NEW YORK -- An influential COVID-19 model has predicted the total number of US deaths from the virus by August 1, a number that researchers say will be impacted by how many Americans continue to wear masks as vaccinations continue.
A model from the University of Washington Institute for Health Metrics and Evaluation's (IHME) predicts about 618,523 people will have died from coronavirus in the US by August 1. If 95% of the US population wore masks, the projection drops to 604,413 deaths.
In the worst-case scenario, in which fully vaccinated people return to pre-pandemic levels of mobility, the prediction grows to 697,573, the IHME forecasted. The projection factors in the rate of vaccine distribution as well as the concerning spread of more transmissible variants.
All 50 states are on track to open vaccines to Americans 16 and older starting April 19. Though the increased inoculations are an important step in defeating the virus, health experts warn the country is in a race against variants, like the B.1.1.7 first identified in the UK, that have the potential to cause another surge in cases.
The US on Friday reported at least 80,157 new cases, the third day in a row and the fourth day in the last week with at least 75,000 or more cases, according to Johns Hopkins University. Overall, more than 561,000 people have died from coronavirus to date, according to the tally.
Vaccines are an effective tool against virus spread, but they are not perfect and should be supplemented by precautions like wearing masks and avoiding indoor gatherings, said Dr. Anthony Fauci.
"I don't think I would -- even if I'm vaccinated -- go into an indoor, crowded place where people aren't wearing masks," the director of the National Institute for Allergy and Infectious Diseases told Business Insider.
To date, the youngest Americans eligible for the vaccines are 16.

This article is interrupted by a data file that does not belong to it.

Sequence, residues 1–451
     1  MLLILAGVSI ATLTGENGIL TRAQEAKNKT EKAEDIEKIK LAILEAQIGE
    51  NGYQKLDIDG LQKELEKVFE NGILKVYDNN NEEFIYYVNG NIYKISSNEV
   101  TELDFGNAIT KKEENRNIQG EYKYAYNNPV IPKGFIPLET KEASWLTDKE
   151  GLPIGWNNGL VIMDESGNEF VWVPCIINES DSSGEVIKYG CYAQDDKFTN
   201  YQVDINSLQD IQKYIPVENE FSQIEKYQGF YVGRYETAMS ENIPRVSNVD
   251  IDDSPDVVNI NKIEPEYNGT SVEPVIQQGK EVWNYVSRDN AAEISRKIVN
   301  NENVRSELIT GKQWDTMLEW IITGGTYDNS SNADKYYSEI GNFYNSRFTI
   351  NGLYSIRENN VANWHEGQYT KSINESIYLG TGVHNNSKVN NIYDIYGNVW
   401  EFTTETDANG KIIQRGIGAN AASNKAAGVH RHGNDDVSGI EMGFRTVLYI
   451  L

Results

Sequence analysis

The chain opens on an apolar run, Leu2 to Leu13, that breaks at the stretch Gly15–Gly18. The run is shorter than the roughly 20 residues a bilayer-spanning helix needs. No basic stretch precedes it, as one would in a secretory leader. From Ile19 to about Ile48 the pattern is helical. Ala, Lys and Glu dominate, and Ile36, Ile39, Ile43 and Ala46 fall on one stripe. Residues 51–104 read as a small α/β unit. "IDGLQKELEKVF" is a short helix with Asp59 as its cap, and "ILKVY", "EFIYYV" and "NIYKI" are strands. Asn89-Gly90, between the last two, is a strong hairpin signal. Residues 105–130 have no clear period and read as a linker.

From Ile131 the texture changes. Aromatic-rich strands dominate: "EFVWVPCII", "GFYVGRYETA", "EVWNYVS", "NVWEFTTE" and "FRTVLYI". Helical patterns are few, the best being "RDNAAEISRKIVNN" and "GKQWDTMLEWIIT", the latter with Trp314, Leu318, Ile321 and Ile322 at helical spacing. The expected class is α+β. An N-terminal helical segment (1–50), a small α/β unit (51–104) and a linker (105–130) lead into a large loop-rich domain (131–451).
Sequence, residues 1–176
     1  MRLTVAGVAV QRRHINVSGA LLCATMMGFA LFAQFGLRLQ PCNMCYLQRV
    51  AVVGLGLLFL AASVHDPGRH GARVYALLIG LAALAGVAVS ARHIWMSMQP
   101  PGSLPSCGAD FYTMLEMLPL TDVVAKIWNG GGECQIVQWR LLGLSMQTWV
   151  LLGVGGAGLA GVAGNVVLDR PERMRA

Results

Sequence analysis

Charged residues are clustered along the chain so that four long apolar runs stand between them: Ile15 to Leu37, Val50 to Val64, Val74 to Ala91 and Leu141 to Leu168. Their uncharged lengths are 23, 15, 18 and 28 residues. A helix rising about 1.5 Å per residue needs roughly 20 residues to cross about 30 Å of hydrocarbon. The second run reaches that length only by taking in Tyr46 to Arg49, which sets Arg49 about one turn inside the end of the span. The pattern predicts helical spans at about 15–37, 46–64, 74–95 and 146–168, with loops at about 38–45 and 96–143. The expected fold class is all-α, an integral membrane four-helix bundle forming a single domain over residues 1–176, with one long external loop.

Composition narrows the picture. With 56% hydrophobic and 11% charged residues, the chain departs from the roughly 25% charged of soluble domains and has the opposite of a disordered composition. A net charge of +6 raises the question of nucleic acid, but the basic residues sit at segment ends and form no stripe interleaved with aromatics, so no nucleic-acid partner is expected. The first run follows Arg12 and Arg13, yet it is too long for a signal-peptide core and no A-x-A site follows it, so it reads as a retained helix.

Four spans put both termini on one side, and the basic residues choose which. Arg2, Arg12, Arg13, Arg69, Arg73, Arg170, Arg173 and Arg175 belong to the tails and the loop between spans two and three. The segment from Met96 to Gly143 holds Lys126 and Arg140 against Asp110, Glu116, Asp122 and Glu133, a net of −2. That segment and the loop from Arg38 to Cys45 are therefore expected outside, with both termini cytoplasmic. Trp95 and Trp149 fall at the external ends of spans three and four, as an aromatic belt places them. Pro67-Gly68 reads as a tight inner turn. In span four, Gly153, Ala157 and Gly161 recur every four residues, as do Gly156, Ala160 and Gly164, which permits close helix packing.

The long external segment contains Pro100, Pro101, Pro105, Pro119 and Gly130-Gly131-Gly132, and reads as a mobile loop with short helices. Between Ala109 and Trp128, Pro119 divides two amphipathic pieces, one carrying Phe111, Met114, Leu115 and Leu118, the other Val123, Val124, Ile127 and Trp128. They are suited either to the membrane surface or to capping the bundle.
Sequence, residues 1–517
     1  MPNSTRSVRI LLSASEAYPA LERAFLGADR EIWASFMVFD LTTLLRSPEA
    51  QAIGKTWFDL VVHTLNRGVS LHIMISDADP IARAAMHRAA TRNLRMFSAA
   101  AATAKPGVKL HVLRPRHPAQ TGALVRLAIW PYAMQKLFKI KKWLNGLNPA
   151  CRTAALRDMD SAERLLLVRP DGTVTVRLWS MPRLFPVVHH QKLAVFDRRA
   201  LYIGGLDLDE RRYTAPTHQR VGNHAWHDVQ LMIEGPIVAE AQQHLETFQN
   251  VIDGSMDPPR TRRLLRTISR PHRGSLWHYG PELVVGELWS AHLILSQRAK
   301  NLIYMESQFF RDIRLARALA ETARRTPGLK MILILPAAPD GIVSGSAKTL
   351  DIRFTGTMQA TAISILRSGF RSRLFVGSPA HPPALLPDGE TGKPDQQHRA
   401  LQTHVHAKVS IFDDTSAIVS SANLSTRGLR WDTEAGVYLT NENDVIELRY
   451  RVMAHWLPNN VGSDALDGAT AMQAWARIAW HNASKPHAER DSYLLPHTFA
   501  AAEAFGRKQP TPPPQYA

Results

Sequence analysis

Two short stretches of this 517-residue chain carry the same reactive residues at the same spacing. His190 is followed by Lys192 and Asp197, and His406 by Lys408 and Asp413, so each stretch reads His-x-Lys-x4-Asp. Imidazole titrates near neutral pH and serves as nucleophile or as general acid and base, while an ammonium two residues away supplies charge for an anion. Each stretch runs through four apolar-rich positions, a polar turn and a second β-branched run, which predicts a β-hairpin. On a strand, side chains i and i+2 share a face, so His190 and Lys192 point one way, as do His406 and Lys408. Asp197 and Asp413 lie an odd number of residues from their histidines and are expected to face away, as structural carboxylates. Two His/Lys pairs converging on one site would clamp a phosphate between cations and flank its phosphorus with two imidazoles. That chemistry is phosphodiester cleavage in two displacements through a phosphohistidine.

But on Friday, Food and Drug Administration acting commissioner Dr. Janet Woodcock said the agency will evaluate "as quickly as possible" Pfizer's request to expand the emergency use authorization of the drug maker's COVID-19 vaccine to include people ages 12-15.
"While the FDA cannot predict how long our evaluation of the data and information will take, we will review the request as expeditiously as possible using our thorough and science-based approach," Woodcock said on Twitter.
Dr. Syra Madad, senior director of the System-wide Special Pathogens Program at New York City Health + Hospitals, told CNN on Saturday that making the vaccine available to the 12 to 15 age group excited her as a parent.
"We should all be very hopeful," said Madad, a fellow at the Belfer Center for Science and International Affairs at the Harvard Kennedy School. "This is very welcome news. We know that children are vulnerable to infection and hospitalizations... They certainly are rising in cases."
The pharmaceutical company said it will seek similar rulings by other authorities around the world in coming days.
"These requests are based on data from the pivotal Phase 3 trial in adolescents 12 to 15 years of age with or without prior evidence of SARS-CoV-2 infection, which demonstrated 100 percent efficacy and robust antibody response after vaccination with the COVID-19 Vaccine," Pfizer said in a statement.